I’m really getting my money out of Netflix streaming service. Over the weekend, in honor of my old favorite “Creature Double Feature” which aired on Channel 48 WKBS in the 70’s, I checkout out a couple ridiculous horror movies and loved every minute of it.
The first of these is the horrendous Dracula A.D. 1972. In swinging London, kids seeking a thrill beyond the ordinary party crashing and fashionable chemical stimulus turn to the dark arts to bring back poor old Christopher Lee as the Prince of Darkness himself. It would have been nice for Lee to get a little more screen time in the title roles, but the hot pants were easy on the eyes, so I’m not complaining too much. Of course, the best part is Peter Cushing as Van Helsing. Even in this schlock, there is never a time when Cushing is not perfectly smooth, in control, debonair and stunning to look at. We’re talking serious man-crush here. His wardrobe was impeccable and he smokes with such precision, it was hard for me to remember how the old Grand Moff himself could have been so cool without his Silk Cuts.
After the buffoonery of Lee and Cushing cashing in, all I wanted was to see their glory days in the late fifties. The Horror of Dracula is available for streaming, but I decided to stay in the 70’s for another, more psychotic selection.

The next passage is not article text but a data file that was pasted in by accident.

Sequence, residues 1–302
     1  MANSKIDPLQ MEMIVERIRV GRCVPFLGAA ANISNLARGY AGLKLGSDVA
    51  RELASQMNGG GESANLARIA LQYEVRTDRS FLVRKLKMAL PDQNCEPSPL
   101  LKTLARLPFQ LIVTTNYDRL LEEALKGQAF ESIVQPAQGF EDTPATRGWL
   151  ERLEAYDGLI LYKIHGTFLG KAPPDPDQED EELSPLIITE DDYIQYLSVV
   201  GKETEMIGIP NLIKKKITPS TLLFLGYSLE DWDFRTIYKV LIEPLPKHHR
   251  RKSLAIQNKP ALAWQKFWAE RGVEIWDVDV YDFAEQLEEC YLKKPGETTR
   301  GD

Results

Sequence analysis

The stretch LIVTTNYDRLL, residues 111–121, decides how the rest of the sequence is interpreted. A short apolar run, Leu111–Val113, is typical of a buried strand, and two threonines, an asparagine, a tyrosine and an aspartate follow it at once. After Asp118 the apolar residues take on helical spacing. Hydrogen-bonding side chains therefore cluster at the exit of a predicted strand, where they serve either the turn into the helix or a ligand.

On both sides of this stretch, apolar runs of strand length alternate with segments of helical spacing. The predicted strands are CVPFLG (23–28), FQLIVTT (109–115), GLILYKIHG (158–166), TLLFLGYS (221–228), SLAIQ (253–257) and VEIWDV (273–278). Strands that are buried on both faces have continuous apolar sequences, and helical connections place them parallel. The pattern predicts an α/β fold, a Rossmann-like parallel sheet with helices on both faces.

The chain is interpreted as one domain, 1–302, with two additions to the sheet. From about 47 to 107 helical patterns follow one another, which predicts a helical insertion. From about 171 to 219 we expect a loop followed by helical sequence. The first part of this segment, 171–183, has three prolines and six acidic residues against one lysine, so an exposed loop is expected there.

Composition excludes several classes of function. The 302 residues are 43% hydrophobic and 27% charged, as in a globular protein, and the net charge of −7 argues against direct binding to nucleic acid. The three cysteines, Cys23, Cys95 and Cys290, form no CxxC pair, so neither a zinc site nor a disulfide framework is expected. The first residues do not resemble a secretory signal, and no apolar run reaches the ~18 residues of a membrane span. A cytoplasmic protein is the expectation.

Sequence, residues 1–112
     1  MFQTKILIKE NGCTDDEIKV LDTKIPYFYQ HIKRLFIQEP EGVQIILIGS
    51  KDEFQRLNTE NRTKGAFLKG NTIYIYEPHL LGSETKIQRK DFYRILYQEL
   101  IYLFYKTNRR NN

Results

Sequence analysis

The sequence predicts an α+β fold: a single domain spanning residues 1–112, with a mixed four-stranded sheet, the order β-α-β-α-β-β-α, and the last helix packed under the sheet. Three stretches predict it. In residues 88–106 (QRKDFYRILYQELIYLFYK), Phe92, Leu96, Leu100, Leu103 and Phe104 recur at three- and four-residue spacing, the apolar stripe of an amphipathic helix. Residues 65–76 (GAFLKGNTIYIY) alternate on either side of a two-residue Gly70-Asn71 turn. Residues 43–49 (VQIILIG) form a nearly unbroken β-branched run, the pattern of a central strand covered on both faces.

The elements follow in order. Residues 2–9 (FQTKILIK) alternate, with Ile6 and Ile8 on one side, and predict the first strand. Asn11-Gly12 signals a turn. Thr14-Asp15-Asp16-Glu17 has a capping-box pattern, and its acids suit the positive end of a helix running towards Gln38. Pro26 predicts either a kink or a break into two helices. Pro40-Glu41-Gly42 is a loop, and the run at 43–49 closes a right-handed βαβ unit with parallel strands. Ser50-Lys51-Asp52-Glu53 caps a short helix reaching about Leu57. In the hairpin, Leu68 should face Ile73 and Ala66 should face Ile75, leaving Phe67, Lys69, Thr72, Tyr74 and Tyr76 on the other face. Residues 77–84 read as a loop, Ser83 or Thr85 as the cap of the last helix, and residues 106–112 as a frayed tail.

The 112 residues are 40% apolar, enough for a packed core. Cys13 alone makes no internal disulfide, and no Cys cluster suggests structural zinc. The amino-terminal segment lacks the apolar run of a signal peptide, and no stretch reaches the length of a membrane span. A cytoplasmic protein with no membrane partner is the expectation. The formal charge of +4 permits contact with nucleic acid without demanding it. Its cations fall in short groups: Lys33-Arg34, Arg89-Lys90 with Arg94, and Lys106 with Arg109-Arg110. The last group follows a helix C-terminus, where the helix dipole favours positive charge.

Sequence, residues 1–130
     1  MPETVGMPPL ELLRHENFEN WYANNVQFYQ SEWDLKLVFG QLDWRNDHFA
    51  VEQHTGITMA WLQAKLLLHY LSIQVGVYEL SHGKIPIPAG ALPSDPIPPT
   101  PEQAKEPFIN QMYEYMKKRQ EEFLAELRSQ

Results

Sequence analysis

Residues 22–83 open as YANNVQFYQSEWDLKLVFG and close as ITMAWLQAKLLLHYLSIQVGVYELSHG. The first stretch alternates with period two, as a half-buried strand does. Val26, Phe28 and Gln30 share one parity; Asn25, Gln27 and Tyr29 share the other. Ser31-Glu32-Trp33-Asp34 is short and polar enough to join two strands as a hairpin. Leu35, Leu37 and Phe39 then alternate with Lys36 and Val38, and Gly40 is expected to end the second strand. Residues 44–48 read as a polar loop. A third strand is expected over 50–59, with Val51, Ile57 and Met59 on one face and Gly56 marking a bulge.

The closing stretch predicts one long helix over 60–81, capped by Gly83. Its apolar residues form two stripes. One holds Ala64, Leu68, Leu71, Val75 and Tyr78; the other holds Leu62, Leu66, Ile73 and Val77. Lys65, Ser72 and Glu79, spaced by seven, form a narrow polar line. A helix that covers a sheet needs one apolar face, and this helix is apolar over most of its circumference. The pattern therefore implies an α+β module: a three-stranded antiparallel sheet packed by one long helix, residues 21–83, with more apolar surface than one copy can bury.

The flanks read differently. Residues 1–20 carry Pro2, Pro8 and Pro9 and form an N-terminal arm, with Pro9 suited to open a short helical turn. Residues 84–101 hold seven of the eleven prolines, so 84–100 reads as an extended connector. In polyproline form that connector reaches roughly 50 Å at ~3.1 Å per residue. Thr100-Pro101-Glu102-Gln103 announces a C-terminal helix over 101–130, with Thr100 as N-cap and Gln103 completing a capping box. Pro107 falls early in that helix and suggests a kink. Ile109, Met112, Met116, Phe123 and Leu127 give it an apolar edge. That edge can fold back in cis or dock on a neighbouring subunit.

The second part of my double feature was Phantasm. This mind-bender from 1979 is proof that a movie with no coherent plot can still be a drop-dead classic. Much of the credit must go to the film’s extraordinary visual presentation. The set at the funeral home, especially the white marble mausoleum is particularly striking. The film does not shy away from showing extreme gore (it is tame by today’s standards, but it originally got an X rating) in well-lit conditions. That’s a nice touch. Angus Scrimm as the tall man is all gravitas and evil presence. He is often shot in slow motion, with his hair bobbing in the breeze and he makes his relentless approach. It is a chilling effect. And of course, there is the silver ball, which is a stroke of genius as a prop and has now become an institution unto itself. Extra credit for the triple black 1971 Plymouth HemiCuda 340, which is almost as bad ass as Scrimm’s “the Tall Man”.